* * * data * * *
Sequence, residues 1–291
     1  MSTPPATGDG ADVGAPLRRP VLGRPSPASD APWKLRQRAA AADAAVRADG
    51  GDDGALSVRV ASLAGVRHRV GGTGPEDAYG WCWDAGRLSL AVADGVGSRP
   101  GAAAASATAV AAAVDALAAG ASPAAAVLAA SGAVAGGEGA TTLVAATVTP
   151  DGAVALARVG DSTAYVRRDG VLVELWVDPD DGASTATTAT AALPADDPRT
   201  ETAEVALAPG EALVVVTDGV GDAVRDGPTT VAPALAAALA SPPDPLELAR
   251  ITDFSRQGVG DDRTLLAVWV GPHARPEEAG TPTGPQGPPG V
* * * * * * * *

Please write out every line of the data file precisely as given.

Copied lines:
Sequence, residues 1–291
     1  MSTPPATGDG ADVGAPLRRP VLGRPSPASD APWKLRQRAA AADAAVRADG
    51  GDDGALSVRV ASLAGVRHRV GGTGPEDAYG WCWDAGRLSL AVADGVGSRP
   101  GAAAASATAV AAAVDALAAG ASPAAAVLAA SGAVAGGEGA TTLVAATVTP
   151  DGAVALARVG DSTAYVRRDG VLVELWVDPD DGASTATTAT AALPADDPRT
   201  ETAEVALAPG EALVVVTDGV GDAVRDGPTT VAPALAAALA SPPDPLELAR
   251  ITDFSRQGVG DDRTLLAVWV GPHARPEEAG TPTGPQGPPG V